Rikki Allie

Photo by Frank Langheinrich


Time is a valuable resource and during my story I was shown just how much time is really needed. As I began to plan for my interview, I found that I had to navigate my own time constraints while also being extra attentive to the time of my interviewee.

Planning, recording, interpreting and putting the story into a coherent story takes an incredible amount of time management skills.

I started to map out due dates, work schedules and school schedules. Those three things did not mesh well together. Planning interviews was a little complicated; both my sources have lives of their own.

But both sources were very accommodating and helpful. Charisse Hunter was willing to go to dinner at Salt Lake City Pizza and Pasta. This made it easy because it was both a very calming and neutral setting but also the interview was not rushed because one of us had to be somewhere.

Dylan’s interview was completely different but I was grateful that he was willing to take time out of his day to sit down with me for even a few minutes. I met with him in between classes one day and since we both had to go to class right after the interview I was trying to get as much done as I could in the short amount of time I had.

This proved to be a problem. I didn’t have all the information I needed and had to clarify a few things later in the week while trying to interpret what he told me. This ended up taking more time in the end. Calling back sources and clarifying took more time than following up during the first interviews would have taken.

The main thing that I learned through this whole class is that follow up and time are the two most important things in journalism. You can never have enough time and you need to always follow up, ask question after question, even if it doesn’t seem relevant at the time. Because, if you spend more time on trying to follow up later you just waste what little time you do have to write, rewrite and polish.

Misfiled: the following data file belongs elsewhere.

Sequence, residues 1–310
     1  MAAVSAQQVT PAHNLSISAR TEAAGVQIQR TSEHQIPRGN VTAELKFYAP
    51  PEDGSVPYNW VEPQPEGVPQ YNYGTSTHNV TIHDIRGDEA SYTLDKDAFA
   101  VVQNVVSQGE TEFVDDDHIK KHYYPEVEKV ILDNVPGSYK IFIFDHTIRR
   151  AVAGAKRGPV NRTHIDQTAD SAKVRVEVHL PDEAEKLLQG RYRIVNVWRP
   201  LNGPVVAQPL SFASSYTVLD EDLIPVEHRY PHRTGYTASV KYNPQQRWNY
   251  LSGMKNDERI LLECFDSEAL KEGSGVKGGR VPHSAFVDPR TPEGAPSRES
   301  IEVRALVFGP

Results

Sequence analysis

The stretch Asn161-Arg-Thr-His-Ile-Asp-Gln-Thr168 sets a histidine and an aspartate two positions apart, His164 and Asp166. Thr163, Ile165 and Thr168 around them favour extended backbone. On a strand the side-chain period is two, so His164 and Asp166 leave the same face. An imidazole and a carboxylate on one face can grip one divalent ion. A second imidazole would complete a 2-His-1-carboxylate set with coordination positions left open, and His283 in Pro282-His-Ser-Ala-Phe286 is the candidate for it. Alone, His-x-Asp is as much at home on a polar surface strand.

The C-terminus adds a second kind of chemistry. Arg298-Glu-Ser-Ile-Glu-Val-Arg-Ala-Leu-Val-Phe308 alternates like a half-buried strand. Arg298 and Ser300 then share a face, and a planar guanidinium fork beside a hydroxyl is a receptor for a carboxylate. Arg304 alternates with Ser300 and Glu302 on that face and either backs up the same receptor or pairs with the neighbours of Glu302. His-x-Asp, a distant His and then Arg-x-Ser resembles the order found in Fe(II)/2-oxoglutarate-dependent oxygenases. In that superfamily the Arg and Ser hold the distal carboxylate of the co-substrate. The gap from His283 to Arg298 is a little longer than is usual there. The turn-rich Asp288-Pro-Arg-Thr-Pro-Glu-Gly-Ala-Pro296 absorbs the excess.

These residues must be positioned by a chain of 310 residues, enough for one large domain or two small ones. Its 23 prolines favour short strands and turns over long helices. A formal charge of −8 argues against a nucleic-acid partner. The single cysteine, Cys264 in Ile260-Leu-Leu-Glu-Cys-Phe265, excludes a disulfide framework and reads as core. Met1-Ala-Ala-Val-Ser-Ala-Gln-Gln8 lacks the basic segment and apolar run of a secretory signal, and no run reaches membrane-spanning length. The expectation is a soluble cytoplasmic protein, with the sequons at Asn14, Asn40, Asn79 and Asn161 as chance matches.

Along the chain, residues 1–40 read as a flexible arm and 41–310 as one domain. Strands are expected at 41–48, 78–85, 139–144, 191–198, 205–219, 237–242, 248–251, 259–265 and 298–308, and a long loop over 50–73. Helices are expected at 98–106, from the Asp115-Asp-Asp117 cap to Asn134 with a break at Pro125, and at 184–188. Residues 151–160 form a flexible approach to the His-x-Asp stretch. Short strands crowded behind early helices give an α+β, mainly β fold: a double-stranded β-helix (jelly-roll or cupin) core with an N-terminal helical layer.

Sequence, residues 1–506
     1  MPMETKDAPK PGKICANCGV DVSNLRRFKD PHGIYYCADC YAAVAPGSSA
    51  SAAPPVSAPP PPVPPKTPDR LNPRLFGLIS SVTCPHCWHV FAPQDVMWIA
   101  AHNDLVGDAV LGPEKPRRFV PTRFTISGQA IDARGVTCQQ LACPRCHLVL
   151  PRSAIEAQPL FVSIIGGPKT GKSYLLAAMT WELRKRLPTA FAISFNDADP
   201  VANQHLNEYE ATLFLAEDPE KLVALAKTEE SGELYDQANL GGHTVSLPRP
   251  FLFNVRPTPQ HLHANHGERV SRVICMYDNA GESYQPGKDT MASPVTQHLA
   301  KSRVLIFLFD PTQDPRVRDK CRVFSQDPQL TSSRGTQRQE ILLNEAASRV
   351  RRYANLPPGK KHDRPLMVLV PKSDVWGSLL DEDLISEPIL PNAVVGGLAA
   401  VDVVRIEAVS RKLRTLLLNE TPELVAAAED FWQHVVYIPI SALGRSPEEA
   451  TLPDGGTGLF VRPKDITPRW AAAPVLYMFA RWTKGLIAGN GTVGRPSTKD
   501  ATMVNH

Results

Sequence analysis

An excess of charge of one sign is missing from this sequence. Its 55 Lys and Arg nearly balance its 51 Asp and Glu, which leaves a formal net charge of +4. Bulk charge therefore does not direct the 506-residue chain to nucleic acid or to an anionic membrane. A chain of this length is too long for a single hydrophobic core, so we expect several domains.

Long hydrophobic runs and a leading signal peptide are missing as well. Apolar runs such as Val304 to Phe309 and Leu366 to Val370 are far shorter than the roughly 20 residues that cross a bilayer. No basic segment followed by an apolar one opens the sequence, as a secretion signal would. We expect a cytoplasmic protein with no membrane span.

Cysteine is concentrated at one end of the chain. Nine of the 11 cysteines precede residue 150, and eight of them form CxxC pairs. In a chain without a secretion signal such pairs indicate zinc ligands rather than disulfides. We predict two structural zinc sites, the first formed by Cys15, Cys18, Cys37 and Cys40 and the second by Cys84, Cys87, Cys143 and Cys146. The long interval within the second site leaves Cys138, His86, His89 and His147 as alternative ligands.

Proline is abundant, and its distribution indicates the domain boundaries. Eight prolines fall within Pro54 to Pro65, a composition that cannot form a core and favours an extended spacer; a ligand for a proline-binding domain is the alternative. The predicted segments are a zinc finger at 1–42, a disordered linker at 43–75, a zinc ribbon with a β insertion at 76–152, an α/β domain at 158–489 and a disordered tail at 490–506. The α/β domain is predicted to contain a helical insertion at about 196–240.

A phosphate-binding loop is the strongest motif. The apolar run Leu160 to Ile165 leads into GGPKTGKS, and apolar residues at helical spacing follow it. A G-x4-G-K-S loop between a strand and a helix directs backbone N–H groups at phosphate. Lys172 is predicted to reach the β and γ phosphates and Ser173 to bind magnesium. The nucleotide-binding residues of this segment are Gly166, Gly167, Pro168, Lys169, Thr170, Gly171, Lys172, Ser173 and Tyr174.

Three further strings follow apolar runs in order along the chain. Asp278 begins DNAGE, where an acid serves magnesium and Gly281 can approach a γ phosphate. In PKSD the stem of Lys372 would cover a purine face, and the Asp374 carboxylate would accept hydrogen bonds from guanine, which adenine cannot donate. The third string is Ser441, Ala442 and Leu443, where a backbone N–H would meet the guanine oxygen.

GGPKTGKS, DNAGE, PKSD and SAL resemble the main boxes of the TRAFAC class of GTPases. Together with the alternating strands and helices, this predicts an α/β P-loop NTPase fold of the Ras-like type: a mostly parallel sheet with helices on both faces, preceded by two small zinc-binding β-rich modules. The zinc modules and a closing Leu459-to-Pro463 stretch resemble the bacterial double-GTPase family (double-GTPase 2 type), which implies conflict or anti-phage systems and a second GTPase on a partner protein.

I wish I could say that I have always known what I wanted to be when I grew up.

When I was little I remember looking at my mom and saying, “I want to be a nurse.” That was the only thing I wanted to do, until I was about 10 or 11 years old. Then I started watching the emergency and trauma reality shows on television. As the images of blood and trauma flashed across the screen and my stomach turned at the sights, both my mom and I knew that nursing was definitely out of the question! I didn’t really think about my future career again until late into my junior year of high school.

During my junior year, I started to research potential careers. Facebook, Twitter and YouTube were just entering their prime, and I really enjoyed the new medium for personal professional communications. At first, like nursing, it sounded perfect, until I realized that it would be spending more time at a desk than out talking to people. I am a talker and sitting behind a desk was not what I wanted to do with the rest of my life. My mother said I should try doing public relations. Once I started to look at the opportunities and what I would be doing I knew that public relations was where I wanted to be.

I am now into my third year of classes at the University of Utah and will be finishing in December 2012 with a BA in mass communication and a minor in economics. I have great support and encouragement from my mother and my father, both graduates of the U.

I am only 20 years old and have a lot of time on my hands. I love the idea of travel. I can’t wait until I am done with school so I can go see the world. After enjoying some “me time,” I look forward to a long and happy career in a public relations role, ideally as part of the entertainment industry.